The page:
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Six wolves from Profanity Peak Pack killed by state gunners so far

Circle shows approximate range of the Profanity Peak wolf pack, which is north of U.S. 20 in Ferry County, Washington.w (Washington Department of Fish and Wildlife)
Circle shows approximate range of the Profanity Peak wolf pack, which is north of U.S. 20 in Ferry County, Washington.w (Washington Department of Fish and Wildlife)

ENDANGERED SPECIES -- State workers have killed six wolves so far in an effort to eliminate the cattle-killing Profanity Peak Pack in Ferry County, the Washington Fish and Wildlife Department reported today.

The operation using helicopter gunners north of Sherman Pass will continue, said Donny Martorello, the agency's wolf policy leader. The pack was estimated to total 11 animals, including six pups, when the lethal control action was authorized on Aug. 4.

Since mid-July, WDFW has confirmed that wolves have killed or injured six cattle and probably five others, based on staff investigations.

Two adult female wolves from the pack were killed by state shooters on Aug. 5. When the pack continued to attack cattle, Fish and Wildlife Director Jim Unsworth on Aug. 19 authorized field staff to remove the remaining members of the Profanity Peak wolf pack to prevent additional attacks on cattle in the range lands between Republic and Kettle Falls.

Four wolves were killed Aug. 21 and 22, including two adult males and a female pup. The fourth wolf has not been recovered in the rugged terrain, Martorello said.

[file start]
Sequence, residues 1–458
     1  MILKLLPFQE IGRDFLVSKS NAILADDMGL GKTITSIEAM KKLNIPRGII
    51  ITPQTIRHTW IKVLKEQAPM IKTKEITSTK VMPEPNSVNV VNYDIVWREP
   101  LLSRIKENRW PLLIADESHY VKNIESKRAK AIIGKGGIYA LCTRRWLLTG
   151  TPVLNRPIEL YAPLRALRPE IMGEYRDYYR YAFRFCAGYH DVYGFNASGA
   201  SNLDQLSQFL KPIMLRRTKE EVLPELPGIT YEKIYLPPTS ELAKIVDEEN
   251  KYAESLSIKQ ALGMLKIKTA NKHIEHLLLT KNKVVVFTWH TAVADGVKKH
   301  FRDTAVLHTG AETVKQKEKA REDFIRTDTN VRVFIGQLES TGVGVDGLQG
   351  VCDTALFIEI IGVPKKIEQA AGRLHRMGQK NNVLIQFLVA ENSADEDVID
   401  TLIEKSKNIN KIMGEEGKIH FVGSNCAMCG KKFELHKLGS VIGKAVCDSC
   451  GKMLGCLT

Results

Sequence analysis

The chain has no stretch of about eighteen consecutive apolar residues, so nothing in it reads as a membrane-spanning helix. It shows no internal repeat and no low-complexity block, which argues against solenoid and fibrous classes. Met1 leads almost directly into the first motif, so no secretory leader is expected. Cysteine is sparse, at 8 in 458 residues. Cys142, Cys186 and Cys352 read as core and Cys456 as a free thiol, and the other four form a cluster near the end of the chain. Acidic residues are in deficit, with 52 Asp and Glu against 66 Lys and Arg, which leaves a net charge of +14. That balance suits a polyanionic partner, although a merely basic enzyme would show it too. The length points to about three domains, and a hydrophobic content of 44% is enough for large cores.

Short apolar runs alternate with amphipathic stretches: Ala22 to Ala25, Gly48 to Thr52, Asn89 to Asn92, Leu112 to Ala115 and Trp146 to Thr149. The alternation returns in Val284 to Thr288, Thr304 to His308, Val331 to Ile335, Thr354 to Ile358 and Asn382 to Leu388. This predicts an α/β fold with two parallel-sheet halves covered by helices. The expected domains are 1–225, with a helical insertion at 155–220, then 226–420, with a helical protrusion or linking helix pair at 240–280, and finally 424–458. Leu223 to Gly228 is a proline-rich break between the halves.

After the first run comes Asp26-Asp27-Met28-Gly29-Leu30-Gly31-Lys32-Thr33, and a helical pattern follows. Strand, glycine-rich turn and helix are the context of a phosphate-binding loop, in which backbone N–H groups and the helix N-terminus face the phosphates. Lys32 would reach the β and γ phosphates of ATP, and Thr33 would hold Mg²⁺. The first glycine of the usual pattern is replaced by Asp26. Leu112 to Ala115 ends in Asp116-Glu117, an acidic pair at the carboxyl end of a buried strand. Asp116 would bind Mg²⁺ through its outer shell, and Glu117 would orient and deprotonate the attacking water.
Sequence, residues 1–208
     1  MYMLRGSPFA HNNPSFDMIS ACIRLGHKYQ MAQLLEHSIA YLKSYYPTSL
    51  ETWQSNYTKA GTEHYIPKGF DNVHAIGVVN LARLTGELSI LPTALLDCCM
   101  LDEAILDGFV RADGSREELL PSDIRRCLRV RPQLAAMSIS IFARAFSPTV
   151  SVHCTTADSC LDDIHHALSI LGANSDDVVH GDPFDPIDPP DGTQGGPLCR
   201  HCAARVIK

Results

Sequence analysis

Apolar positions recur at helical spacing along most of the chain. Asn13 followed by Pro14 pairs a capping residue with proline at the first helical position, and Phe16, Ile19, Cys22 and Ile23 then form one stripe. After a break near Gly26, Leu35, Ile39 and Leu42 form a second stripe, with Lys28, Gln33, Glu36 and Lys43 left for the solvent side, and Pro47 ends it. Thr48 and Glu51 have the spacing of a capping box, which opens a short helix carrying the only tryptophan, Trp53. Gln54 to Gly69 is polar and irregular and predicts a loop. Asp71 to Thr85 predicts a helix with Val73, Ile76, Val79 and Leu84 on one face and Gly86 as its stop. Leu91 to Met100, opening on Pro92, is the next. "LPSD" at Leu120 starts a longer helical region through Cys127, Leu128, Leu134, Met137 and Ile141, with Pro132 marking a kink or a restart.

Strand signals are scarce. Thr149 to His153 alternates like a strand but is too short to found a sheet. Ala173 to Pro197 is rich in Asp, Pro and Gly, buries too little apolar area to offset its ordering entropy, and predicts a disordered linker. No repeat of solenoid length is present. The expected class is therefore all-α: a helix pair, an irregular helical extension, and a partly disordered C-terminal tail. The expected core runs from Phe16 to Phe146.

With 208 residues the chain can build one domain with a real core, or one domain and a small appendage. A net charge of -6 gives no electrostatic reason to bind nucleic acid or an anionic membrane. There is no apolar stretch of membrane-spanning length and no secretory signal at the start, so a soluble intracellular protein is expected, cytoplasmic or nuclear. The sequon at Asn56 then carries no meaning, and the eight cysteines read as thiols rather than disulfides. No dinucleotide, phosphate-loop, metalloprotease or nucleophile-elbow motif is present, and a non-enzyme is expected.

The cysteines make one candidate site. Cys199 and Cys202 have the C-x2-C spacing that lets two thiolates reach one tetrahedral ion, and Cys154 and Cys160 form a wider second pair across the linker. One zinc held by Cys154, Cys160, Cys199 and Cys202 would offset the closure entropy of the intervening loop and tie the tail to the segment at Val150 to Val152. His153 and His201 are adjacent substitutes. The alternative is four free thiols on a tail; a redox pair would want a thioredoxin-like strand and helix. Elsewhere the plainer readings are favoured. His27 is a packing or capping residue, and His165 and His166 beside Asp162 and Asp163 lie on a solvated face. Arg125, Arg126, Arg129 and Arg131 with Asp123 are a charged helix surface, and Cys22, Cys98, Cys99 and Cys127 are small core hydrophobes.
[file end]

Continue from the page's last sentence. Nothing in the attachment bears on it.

The Profanity Peak pack is one of 19 known wolf packs in Washington.   Based on a media release from a pro-wolf group, the Associated Press is reporting that the elimination of the Profanity Peak Pack would reduce Washington's known wolf population by 12 percent.

That's probably not true.  The population estimate issued by Washington wildlife officials this spring said the state had a MINIMUM of 90 wolves that were confirmed in 19 known packs.   Field staff say there likely were more wolves at large at that time.  Since spring, some of those packs had pups, bringing the population even higher.

So it's silly to be fussing over population figures from pro-wolf propaganda machines. It's also a bit silly to be reporting, as AP did today, that an out of state pro wolf group is outraged that a Washington pack is being eliminated.  It's not news that some people are outraged when wolves are killed.  Nor is it news that some people want all wolves eliminated, although that wasn't noted in the AP report. 

The Profanity Peak pack is being eliminated under a protocol hammered out by the various factions in the state's Wolf Advisory Group. These are people who live here. 

The world will not end if measured lethal control continues.

Other wolves will soon fill that niche in Ferry County if the Profanity Peak Pack that acquired a taste for beef can be eliminated.

Then maybe national forest cattle allotment issues can be worked out  and fine tuned to make sure grazing isn't done in areas near dens or pack rendezvous areas or other areas that are high risk for wolf attacks. 

Maybe things can be better for the wolves and the cows next time around.

Rich Landers
Rich Landers joined The Spokesman-Review in 1977. He is the Outdoors editor for the Sports Department writing and photographing stories about hiking, hunting, fishing, boating, conservation, nature and wildlife and related topics.

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